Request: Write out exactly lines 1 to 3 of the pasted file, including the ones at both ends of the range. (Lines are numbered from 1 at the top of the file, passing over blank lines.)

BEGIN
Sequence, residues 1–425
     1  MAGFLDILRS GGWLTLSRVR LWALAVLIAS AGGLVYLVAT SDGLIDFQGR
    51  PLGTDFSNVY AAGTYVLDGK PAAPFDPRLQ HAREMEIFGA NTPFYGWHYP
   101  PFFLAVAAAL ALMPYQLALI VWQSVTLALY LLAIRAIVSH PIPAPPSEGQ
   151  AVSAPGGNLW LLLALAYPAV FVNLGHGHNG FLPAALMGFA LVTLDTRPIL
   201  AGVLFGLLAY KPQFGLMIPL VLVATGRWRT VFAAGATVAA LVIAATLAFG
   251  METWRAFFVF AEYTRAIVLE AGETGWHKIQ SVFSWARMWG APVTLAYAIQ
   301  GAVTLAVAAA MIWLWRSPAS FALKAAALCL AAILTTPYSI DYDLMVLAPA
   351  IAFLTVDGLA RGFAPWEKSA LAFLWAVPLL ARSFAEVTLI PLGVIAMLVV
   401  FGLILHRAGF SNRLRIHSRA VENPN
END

Sequence, residues 1–425
     1  MAGFLDILRS GGWLTLSRVR LWALAVLIAS AGGLVYLVAT SDGLIDFQGR
    51  PLGTDFSNVY AAGTYVLDGK PAAPFDPRLQ HAREMEIFGA NTPFYGWHYP